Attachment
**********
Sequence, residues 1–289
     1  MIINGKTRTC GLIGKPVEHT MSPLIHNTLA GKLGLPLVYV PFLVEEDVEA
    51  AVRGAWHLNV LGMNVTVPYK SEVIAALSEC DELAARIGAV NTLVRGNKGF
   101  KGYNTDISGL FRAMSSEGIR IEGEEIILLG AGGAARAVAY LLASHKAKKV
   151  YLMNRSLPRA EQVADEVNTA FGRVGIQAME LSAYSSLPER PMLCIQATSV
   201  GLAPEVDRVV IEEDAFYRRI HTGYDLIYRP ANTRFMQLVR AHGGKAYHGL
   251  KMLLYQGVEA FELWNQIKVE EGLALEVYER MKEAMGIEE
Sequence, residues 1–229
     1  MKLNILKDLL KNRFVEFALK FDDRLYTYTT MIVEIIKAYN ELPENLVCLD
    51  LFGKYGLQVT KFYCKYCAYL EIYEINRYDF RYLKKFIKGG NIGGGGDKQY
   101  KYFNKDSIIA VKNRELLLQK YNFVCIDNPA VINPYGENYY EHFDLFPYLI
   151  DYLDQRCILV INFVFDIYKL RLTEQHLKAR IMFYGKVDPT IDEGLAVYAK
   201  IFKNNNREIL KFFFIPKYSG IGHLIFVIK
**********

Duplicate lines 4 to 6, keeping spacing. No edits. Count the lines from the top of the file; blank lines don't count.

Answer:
   101  KGYNTDISGL FRAMSSEGIR IEGEEIILLG AGGAARAVAY LLASHKAKKV
   151  YLMNRSLPRA EQVADEVNTA FGRVGIQAME LSAYSSLPER PMLCIQATSV
   201  GLAPEVDRVV IEEDAFYRRI HTGYDLIYRP ANTRFMQLVR AHGGKAYHGL